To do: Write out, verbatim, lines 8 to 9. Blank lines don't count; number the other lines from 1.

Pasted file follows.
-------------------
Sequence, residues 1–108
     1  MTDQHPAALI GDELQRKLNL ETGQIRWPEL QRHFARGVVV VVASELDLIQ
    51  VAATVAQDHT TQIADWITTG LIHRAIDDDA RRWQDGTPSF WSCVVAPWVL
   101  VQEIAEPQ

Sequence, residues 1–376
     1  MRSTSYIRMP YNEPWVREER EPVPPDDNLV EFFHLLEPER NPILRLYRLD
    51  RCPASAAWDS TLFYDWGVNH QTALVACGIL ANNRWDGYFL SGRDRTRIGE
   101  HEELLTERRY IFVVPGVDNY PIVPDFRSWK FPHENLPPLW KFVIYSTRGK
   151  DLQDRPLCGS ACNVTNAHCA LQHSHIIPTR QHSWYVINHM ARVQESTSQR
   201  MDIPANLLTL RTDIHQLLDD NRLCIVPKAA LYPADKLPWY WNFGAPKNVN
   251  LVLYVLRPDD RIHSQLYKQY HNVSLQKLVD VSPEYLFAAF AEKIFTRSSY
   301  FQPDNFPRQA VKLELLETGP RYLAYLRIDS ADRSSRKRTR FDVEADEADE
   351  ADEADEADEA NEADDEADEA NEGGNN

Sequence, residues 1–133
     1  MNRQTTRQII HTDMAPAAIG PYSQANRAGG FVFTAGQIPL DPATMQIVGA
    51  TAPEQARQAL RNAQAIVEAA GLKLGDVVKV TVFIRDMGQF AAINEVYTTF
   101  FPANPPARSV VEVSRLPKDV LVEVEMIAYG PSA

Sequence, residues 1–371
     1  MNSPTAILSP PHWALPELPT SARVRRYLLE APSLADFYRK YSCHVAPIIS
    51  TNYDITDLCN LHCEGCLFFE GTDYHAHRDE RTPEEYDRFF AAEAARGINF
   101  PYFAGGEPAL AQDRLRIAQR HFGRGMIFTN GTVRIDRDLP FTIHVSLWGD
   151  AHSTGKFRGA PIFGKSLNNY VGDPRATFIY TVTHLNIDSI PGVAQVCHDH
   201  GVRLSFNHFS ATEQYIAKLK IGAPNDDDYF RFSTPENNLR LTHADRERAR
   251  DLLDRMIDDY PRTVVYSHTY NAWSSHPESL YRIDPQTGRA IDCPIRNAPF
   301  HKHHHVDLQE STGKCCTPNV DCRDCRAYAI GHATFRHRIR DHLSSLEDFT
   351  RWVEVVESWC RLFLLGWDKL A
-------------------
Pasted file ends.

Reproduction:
   101  HEELLTERRY IFVVPGVDNY PIVPDFRSWK FPHENLPPLW KFVIYSTRGK
   151  DLQDRPLCGS ACNVTNAHCA LQHSHIIPTR QHSWYVINHM ARVQESTSQR